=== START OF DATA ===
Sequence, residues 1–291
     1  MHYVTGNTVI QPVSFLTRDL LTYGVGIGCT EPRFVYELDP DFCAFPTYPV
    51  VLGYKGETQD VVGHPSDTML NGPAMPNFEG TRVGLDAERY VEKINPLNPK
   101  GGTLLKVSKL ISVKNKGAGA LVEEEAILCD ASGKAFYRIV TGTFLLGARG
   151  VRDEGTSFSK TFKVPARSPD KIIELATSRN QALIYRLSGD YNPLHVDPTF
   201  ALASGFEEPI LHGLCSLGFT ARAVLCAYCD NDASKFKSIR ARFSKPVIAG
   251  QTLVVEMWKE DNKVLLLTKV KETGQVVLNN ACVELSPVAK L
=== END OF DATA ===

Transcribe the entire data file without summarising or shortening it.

Sequence, residues 1–291
     1  MHYVTGNTVI QPVSFLTRDL LTYGVGIGCT EPRFVYELDP DFCAFPTYPV
    51  VLGYKGETQD VVGHPSDTML NGPAMPNFEG TRVGLDAERY VEKINPLNPK
   101  GGTLLKVSKL ISVKNKGAGA LVEEEAILCD ASGKAFYRIV TGTFLLGARG
   151  VRDEGTSFSK TFKVPARSPD KIIELATSRN QALIYRLSGD YNPLHVDPTF
   201  ALASGFEEPI LHGLCSLGFT ARAVLCAYCD NDASKFKSIR ARFSKPVIAG
   251  QTLVVEMWKE DNKVLLLTKV KETGQVVLNN ACVELSPVAK L